Remember to fertilize the plants every three weeks.
5. Water to Maintain Moisture in the Soil
Peppers are water-hungry plants. You have to keep the soil moist but not soggy wet. Water whenever the top inch (2.5 cm) of the soil feels dry to the touch.
Always water at the base of the plant and just above the soil. Don’t water from above. Otherwise, the leaves might remain wet and invite fungus and mold.
6. Provide Warmth and Light
Peppers are warm-weather plants. They grow best when the daytime temperature is between 70 and 80 °F (21 and 27 °C) and the nighttime temperature is above 60 °F (15.6 °C).
Not many homes are so warm during winter. You can place an artificial light source about a foot (30 cm) above the plant. This usually raises the ambient temperature slightly. You can use an ordinary cool or warm white fluorescent light.
Remember to raise the lights as the plant grows taller. Also, don’t forget to turn off the light for 8-10 hours daily to let the plant rest.
You can also place the pot on a heating pad to give the plants the warmth they need.
Pepper plants also need plenty of light to thrive. They need at least 6 hours of direct sunlight, preferably from a south-facing window. They also need 8 hours of indirect light from an east- or west-facing window.
If you grow your plants entirely under artificial lights, you must keep the lights on for 16 hours every day.
As your plant grows, you may have to move it to a larger pot more than once to give the roots room to grow. If growing a small variety, use a 10- to 12-inch (25 to 30 cm) pot. A 16- to 18-inch (41 to 45 cm) pot is ideal for larger pepper varieties.
Transplanting Outdoor Peppers Indoors
You can prolong the growing and harvesting season by bringing your outdoor plants indoors before the first frost hits your area. Ideally, you should bring the plants indoors before nighttime temperatures become lower than 60 °F (15.6 °C).
Warm-weather plants can be hard to revive if they’re damaged by the cold.
If your outdoor plants are in containers, bring the pots inside and put them in a warm place where they can receive plenty of sunlight but won’t be exposed to cold drafts. Water and fertilize it the way I’ve explained in the previous section.
It takes a little more effort to move the plants you planted. DO NOT yank the plants from the ground.
Instead, dig them up in the following manner:
- Find a sharp garden shovel and ensure that it’s clean.
- Keep a plastic container at hand to pot the plant. Don’t use a terracotta planter during this stage of the transplanting process.
- Choose some time in the evening to transplant. Transplanting your pepper plants in the evening gives them time to recover from the shock during the cool hours of the night.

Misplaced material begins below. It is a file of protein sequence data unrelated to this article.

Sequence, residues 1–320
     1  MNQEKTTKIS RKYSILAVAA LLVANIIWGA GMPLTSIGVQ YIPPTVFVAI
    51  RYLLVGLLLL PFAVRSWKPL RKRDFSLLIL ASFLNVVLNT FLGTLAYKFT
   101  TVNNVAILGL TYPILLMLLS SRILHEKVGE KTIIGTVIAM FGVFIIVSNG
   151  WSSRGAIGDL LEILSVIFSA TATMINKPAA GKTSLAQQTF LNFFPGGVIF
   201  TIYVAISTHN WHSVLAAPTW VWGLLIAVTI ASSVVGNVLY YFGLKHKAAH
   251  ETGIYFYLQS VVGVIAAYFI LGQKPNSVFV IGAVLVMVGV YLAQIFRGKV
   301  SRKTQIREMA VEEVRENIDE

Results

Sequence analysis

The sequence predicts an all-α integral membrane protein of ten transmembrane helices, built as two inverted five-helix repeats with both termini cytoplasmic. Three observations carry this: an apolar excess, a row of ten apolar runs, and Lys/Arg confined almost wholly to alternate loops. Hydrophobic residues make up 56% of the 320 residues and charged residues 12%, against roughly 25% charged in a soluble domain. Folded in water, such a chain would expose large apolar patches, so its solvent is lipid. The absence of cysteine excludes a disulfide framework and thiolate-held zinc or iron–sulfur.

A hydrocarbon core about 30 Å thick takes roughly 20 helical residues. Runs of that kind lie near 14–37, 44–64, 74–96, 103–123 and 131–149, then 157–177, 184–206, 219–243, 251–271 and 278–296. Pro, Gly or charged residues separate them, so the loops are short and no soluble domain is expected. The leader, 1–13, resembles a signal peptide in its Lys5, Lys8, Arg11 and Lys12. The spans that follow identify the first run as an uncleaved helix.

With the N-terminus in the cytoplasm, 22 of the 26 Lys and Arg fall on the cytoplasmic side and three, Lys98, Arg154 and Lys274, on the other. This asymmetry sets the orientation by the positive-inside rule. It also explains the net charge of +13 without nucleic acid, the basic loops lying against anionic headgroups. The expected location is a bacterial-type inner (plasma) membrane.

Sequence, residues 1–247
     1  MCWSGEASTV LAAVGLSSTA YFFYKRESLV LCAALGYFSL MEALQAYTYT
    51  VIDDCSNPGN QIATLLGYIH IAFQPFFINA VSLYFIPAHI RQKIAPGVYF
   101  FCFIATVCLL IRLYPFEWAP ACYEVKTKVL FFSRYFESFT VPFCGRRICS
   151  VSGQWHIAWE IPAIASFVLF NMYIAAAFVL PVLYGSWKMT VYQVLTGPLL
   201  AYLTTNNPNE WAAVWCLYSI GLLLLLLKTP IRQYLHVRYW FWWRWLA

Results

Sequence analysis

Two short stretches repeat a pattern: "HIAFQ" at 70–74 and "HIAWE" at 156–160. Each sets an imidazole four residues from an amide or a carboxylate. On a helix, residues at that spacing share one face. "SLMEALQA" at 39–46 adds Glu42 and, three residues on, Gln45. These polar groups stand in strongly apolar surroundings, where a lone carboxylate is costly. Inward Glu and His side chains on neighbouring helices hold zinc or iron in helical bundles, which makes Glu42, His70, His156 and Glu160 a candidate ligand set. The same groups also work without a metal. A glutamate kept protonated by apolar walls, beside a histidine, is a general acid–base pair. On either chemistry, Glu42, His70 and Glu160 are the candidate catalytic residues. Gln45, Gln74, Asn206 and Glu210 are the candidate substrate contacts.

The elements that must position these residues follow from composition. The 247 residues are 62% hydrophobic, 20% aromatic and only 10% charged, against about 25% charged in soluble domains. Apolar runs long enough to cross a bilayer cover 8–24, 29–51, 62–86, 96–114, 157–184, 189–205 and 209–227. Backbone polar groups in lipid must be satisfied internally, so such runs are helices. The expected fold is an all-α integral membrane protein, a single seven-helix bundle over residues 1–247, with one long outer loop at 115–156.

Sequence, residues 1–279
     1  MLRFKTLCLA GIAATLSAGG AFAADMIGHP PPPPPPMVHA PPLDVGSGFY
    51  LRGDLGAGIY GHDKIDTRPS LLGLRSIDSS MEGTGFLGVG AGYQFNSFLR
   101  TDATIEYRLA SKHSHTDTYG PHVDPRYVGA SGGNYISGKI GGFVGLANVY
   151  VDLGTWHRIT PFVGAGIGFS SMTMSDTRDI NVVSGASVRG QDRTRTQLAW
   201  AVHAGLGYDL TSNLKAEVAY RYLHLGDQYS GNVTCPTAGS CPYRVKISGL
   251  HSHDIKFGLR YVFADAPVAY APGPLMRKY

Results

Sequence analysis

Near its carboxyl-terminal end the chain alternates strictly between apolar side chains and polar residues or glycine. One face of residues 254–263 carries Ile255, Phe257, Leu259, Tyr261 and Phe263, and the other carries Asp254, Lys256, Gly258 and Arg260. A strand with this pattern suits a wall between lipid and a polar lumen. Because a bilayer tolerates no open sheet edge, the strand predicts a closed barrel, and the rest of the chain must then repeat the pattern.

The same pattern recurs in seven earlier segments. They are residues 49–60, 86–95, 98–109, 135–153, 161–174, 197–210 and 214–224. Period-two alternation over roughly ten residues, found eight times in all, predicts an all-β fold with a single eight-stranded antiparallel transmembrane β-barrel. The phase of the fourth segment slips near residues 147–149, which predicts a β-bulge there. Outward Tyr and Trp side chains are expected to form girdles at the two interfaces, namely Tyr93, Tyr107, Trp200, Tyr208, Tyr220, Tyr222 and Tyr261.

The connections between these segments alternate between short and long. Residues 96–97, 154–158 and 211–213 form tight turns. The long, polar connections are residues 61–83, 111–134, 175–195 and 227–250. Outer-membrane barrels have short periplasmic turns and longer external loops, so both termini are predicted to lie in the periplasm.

- Start digging around the plant.
- Dig a few inches (5+ cm) away from the main stem of the plant. This ensures you capture a lot of soil and as much of the root system as you can.
- Lift the plant off the ground.
- Pot the plant in a plastic container.
- Add some compost, but don’t add any garden soil.
- Water the plant.
- Check the plant for pests and bugs. You must ensure that the plants you bring inside do not transmit pests to your indoor plant population. Check the pepper plants thoroughly, including the underside of the leaves. Pluck off any bug you may find, and rinse the plant thoroughly.
- Quarantine a pest-infested plant. If your pepper plant has a severe pest infestation, quarantine it. Treat it with an organic plant insecticide, and ensure it’s bug-free before placing it along with other plants.
- Place the pot in a shady place for a few days to let the plant rest and heal from the shock of transplanting.
- Move the plant to a partially sunny location, such as a covered porch or the edge of the garage, after a few days.
- Move the plant to a sunny location indoors after it has acclimated.
- Continue to care for the plant as I’ve explained in the previous section.
Indoor pepper plants tend to produce smaller fruits. However, compared to their outdoor-bred cousins, they don’t lack punch and heat. Harvest the fruits when they turn bright green, orange, red, or yellow, depending on the variety you have grown.
Growing peppers indoors and keeping the plants alive for several years can be a rewarding experience and a handy skill that’ll save you money.
Keep the following tips in mind when growing peppers indoors:
- Gardening experts suggest that growing peppers from seeds produces more robust plants that survive several years indoors than transplanting outdoor plants indoors.
- Choose pepper varieties suited to growing indoors.
- Ensure you don’t damage the roots if transplanting plants indoors.
- Provide the right amount of light, warmth, and water.
- Look out for pests and bugs.